With PGP for example, the "properties" of the following key are:
pub rsa3072/2BD6571B 2022-06-03 [SC] [expires: 2024-06-02] 6713B62DC36CE36403C724B1FFD641CF2BD6571B uid [ultimate] [email protected] sub rsa3072/10E0C323 2022-06-03 [E] --- fingerprint 6713B62DC36CE36403C724B1FFD641CF2BD6571B ID (long) FFD641CF2BD6571B ID (short) 2BD6571B
I find this very counter-intuitive, as everything of the output of GPG is meant to be read from left to right - except for the hash. Taking the last digits of the hash makes it very hard to compare a long ID and a fingerprint, for example: one needs to read from right to left or try to spot the beginning of the ID within the fingerprint and then read starting from there.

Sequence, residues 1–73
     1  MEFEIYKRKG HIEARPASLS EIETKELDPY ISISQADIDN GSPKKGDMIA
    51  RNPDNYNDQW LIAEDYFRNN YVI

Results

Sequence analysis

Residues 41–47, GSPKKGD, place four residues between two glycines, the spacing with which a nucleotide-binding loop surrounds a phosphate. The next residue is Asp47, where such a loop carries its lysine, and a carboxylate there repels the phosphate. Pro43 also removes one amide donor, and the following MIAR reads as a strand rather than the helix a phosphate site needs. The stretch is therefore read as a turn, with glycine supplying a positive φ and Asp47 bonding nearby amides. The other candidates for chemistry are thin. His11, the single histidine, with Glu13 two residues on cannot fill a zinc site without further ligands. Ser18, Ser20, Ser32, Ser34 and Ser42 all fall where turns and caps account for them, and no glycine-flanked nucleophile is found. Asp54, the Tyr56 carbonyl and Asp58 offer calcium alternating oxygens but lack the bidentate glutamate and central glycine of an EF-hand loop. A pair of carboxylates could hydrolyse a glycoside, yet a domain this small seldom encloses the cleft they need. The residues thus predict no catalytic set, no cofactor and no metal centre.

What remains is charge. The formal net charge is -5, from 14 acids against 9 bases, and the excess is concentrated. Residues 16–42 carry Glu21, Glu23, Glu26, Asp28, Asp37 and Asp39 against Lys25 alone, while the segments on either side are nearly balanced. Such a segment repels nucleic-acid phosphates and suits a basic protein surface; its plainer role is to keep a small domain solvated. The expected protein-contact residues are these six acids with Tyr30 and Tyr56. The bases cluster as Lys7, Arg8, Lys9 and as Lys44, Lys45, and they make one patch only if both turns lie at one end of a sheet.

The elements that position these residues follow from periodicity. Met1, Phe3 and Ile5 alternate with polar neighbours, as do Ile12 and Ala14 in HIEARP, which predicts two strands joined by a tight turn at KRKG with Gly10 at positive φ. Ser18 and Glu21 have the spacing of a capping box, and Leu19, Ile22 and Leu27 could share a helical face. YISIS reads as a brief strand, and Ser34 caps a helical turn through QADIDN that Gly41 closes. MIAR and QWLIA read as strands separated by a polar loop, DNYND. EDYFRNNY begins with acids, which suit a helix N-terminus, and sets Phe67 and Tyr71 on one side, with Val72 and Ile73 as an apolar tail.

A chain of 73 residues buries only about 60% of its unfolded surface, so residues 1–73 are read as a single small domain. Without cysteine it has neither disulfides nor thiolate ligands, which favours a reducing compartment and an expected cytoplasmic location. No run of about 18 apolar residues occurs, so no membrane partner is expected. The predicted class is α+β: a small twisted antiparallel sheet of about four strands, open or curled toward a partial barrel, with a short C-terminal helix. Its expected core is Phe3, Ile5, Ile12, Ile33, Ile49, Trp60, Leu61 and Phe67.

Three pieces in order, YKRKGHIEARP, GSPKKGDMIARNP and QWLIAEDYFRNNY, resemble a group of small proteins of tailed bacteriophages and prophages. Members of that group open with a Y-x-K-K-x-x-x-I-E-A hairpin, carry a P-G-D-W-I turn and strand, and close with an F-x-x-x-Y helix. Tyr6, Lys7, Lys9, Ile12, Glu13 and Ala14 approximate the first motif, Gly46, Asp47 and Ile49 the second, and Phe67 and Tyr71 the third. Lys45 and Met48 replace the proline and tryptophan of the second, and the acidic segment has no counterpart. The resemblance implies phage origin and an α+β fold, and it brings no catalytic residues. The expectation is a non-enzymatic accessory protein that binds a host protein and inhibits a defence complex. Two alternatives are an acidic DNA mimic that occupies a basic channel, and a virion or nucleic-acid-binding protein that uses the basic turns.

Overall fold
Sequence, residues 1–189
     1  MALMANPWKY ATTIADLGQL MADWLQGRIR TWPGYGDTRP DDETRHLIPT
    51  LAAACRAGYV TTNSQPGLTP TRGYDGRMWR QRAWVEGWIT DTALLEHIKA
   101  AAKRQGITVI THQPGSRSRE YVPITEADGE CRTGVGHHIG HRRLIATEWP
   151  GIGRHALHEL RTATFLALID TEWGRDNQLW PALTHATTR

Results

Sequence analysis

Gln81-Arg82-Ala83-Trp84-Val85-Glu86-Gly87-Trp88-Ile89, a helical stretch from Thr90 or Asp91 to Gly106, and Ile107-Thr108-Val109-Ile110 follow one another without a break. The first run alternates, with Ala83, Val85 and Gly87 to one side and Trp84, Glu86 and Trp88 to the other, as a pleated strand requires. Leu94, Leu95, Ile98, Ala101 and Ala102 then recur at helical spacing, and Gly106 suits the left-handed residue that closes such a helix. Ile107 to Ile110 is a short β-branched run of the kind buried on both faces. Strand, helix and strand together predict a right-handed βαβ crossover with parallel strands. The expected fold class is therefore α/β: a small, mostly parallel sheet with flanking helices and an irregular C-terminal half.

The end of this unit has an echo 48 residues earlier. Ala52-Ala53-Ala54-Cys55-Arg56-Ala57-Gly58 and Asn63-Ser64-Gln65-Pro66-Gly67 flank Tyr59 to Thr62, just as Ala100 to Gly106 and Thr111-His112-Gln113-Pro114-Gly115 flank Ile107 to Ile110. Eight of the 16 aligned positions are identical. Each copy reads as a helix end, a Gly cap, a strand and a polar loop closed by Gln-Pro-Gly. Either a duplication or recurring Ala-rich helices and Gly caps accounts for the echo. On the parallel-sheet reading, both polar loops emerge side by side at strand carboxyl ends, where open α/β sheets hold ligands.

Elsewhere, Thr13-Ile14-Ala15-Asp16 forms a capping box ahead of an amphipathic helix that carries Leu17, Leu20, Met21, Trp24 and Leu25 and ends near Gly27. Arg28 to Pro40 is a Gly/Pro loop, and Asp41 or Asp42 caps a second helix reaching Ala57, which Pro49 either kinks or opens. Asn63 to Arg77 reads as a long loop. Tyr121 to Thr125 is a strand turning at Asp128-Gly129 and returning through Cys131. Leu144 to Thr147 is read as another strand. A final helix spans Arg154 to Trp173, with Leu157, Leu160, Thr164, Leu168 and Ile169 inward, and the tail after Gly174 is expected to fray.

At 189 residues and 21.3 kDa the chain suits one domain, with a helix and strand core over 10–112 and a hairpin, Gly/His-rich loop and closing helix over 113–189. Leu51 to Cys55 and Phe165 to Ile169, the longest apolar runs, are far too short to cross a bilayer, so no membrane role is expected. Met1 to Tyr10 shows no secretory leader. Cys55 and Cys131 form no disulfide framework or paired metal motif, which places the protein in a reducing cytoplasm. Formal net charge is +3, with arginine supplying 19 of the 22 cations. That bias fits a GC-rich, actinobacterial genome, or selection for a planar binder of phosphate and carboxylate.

Why is it that way?
The fingerprint is a cryptographic hash, so the first bytes should be just as unpredictable as the last bytes. Therefore, the first 4 (/8) bytes of it could be used as the key ID just as well, couldn't they?
I assume this to be some kind of endianness issue, but it still seems weird to me that some architecture peculiarity would justify such a confusing default in a case where clarity means security.